"Ay, that can I, Has-se, my lad," cried Réné; "thou couldst not have hit upon a happier expedient than that of asking advice of me. 'Tis but a week since I removed a cinder from the eye of Simon the Armorer, and in return for the favor he taught me a trick of wrestling that surpasses aught of the kind that ever I saw. I have practised it daily since, and would now confidently take issue with any who know it not without regard to their superior size or weight. I will show it thee if thou wilt promise to keep it secret. Ha!"

As they talked the canoe had drifted close in to the shore, until it lay directly beneath the gigantic limb of a tree that extended far out over the water, and from which hung a mesh of stout vines. As he uttered the exclamation that finished his last sentence. Réné seized hold of a stout vine, and with a quick jerk drew the light craft in which they were seated a few feet forward. At the same instant a tawny body was launched like a shot from the overhanging limb and dashed into the water exactly at the spot over which, but an instant before, Has-se had sat.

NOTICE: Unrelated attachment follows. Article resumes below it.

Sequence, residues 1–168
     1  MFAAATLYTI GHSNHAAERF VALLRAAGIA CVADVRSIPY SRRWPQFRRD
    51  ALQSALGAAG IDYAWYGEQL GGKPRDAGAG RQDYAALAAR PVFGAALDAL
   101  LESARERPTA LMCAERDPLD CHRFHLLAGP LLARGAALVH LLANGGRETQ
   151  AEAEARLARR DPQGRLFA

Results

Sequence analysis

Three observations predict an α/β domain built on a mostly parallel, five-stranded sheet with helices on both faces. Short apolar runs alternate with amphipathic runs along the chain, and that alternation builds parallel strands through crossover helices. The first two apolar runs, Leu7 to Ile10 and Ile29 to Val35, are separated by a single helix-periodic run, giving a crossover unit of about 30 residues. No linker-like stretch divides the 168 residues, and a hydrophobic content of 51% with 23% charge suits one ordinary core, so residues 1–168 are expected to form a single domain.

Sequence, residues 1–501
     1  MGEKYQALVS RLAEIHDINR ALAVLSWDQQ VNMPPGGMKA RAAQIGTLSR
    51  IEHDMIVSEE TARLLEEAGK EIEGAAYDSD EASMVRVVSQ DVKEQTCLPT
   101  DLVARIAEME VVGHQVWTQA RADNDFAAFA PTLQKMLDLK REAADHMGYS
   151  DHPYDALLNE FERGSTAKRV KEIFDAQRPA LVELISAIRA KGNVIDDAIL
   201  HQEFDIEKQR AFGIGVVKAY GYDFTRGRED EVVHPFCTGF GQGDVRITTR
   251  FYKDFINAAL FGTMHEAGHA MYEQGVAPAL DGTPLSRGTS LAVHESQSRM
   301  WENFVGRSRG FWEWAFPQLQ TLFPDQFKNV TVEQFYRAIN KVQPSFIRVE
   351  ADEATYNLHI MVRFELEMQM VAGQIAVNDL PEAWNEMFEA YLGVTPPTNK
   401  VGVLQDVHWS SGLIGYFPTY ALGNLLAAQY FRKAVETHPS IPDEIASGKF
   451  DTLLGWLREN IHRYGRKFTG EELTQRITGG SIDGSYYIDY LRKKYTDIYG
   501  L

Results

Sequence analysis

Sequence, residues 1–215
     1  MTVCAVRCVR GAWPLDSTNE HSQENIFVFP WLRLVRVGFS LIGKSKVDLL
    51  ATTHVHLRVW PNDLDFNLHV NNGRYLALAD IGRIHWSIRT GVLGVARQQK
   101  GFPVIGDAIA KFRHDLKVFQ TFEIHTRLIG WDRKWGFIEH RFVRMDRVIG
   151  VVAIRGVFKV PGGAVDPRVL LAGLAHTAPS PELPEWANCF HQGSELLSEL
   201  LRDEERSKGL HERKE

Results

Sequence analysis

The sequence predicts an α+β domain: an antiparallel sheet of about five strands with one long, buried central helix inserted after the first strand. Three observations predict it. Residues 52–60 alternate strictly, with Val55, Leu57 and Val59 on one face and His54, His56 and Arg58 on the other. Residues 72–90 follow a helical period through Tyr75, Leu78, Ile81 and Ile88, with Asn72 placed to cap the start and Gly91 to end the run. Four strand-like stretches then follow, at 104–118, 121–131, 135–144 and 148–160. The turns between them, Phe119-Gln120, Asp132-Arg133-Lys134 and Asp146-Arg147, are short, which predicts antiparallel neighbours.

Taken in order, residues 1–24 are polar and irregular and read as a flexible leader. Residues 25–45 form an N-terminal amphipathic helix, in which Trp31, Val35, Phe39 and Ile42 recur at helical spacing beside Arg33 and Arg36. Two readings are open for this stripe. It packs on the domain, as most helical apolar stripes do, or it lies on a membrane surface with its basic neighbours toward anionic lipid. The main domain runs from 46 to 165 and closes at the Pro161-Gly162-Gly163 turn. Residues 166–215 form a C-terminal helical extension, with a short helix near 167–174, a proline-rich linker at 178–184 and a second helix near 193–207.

The animal that made this fierce plunge was a panther of the largest size; and if Réné had not chanced to catch sight of its nervously twitching tail as it drew itself together for the spring, it would have alighted squarely upon the naked shoulders of the unsuspecting Indian lad. Réné's prompt action had, however, caused the animal to plunge into the water, though it only missed the canoe by a few feet; and when it rose to the surface it was close beside them.

Has-se seized his paddle, and with a powerful stroke forced the canoe ahead, but directly into the mesh of trailing vines, in which it became so entangled that they could not extricate it before the beast had recovered from his surprise, and had begun to swim towards them.